It’s early afternoon, and Richard Fazzio is in the den of his Woonsocket three-decker visiting with one of his best friends, Tim Gray ’89. They catch up: How’s your health? Pretty good for an old man. Are you eating? Sort of. Any tomatoes this year? Hope so.
The two met years ago when Gray interviewed Fazzio for a documentary about veterans of World War II. Fazzio was a Navy coxswain who piloted a landing craft onto the beaches of Normandy on D-Day, the historic invasion of France that began the liberation of Nazi-occupied Europe. Gray still checks up on the 90-year-old at least once a month.
As it often does, the conversation turns to those seconds after Fazzio’s boat landed at Omaha Beach in the early morning hours of June 6, 1944. Fazzio begins: It was pitch-black. The sea roiled. German flak whistled by. Soldiers made the sign of the cross. The hull touched the sandy bottom, and the ramp went down.
Then Fazzio stops, lowers his head and weeps. He can’t go on. The images are too horrific. All 35 soldiers on his boat died, moments after they stormed the shore.
“It’s that one scene,’’ says Fazzio. “I can’t get it out of my mind. How do you talk about guys dying?’’
“It’s OK,’’ says Gray. “You’re allowed to cry after what you went through. No shame in that.’’
In the last decade, Gray has made 15 World War II documentaries about the men and women who risked their lives for freedom. Preserving their memories and recognizing their sacrifice is his life’s work. Along the way, he’s also become their friend.
Of the 16 million veterans who fought in the war, only 1.2 million are left, with 800 dying every day. Gray wants to reach the survivors before it’s too late, and he just might—through his nonprofit, The World War II Foundation, the only organization in the country that, with private contributions, makes films about the veterans and donates the movies to American Public Television and its PBS affiliates.
“I want to get to all the surviving World War II veterans before they’re gone,’’ says Gray, 48, of South Kingstown. “There’s a short window left. Each of these films is a gut-wrenching struggle to raise money for. Getting donations to make the films is the tough part. That’s what keeps me up at night.’’
The war has been his passion since he picked up a World War II encyclopedia as a kid. On his 10th birthday, he had one request: cassettes of Edward R. Murrow’s broadcasts from the German blitz of London. “The stories were about courage and sacrifice, good versus evil. I was hooked.’’ After cutting his teeth in sports reporting at the University of Rhode Island, where he studied journalism, he went on to a successful career as a sports anchor, ending up in his dream job at Channel 10 in Providence.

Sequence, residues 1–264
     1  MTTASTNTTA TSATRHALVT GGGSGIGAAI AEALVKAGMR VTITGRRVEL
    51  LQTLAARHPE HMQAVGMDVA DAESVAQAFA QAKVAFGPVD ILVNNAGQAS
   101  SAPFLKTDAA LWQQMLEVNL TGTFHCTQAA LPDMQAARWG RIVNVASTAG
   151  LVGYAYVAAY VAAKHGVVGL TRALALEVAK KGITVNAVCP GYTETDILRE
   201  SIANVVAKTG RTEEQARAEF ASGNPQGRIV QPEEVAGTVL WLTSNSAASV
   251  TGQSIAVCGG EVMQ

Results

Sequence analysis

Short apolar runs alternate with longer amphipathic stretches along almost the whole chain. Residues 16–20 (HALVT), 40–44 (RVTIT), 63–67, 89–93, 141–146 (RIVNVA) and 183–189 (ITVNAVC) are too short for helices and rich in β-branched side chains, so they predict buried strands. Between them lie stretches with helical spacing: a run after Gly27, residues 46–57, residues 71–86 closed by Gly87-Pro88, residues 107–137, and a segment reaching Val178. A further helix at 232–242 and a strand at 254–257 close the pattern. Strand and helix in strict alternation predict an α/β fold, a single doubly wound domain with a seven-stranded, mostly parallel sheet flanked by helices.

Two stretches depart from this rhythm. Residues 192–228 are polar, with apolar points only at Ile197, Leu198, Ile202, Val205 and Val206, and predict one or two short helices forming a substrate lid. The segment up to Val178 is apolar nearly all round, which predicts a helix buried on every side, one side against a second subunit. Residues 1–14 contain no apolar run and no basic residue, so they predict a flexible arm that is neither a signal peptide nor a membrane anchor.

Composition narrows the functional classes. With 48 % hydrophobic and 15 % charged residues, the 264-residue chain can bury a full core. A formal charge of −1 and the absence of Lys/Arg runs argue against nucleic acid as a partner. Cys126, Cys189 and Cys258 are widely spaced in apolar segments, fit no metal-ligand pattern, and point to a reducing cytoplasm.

But his fascination with the war never wavered. In 2004, he decided it was time for a change. He left sports and took a leap into filmmaking, teaming up with seasoned photojournalist Jim Karpeichik. The first documentary, D-Day: The Price of Freedom, won two Emmys, and the duo was on its way. Today, the films are among the top five most requested programs by PBS affiliates nationally.
“This is the best thing I’ve ever done in my life,’’ says Gray. “We’re in the look-at-me, selfie generation. The World War II generation was taught to be humble and do its job without complaining. These guys saved the world, and didn’t ask anything in return. I want future generations to know about them.’’
Many do, thanks to Gray. Former Red Sox pitcher Curt Schilling, actor Tom Hanks, director Steven Spielberg, FedEx Chairman Fred Smith and Patriots coach Bill Belichick, whose father fought in World War II, are among the contributors. Gray even sends his films to Belichick to be screened before donating them to PBS. The actor Dan Aykroyd narrated one of the films, and filmmaker Ken Burns sent Gray a note praising his work.
What distinguishes Gray is his respect and compassion for the veterans. He takes them back to their former battlefields, in Europe and the Pacific, interviewing them while they walk the Normandy beaches or sit in an old French church with pews still stained with soldiers’ blood. The trips are both painful and uplifting—and always heart wrenching.
Fazzio had to be coaxed to return. After the war, he never talked about his experience, even though he was wounded and the recipient of a Purple Heart. Returning to Normandy, he says, “cleared his mind.’’ French schoolchildren hugged and kissed him. He signed his name on the bar at Le Roosevelt, a restaurant that hosts visiting veterans; and he walked the beach where he saw men barely out of high school get their faces blown off more than 70 years ago.
“Wasn’t the beach beautiful that day, Tim,’’ says Fazzio.
“Yes Richard,’’ says Gray. “It was.’’
Gray took Donald McCarthy, of Warwick, back too. McCarthy was a 20-year-old soldier in the 29th Infantry Division on D-Day and almost drowned when his craft tipped over. Clinging to a dead soldier floating in the blood-red water, McCarthy managed to swim to shore, but his joy at being alive was short-lived. German gunners hiding in the bluffs opened fire. Men fell around him. McCarthy froze in fear, then heard the call of his commander: “29, forward! Get off the beach!” Dodging bullets, he crawled for hours on his belly to a hilltop church, where he prayed with the rosary beads in his pocket.
He’s 91 now and walks with a cane. He still has the helmet he wore in battle, and touches it every day, his lucky charm. At Normandy last year, with Gray by his side, McCarthy stood in the exact spot where he landed years ago and watched a golden sun rise above the English Channel. This time, the sand was soft, and the water was calm, glistening. “I had to put my feet on the beach again,’’ he says. “One last time.’’•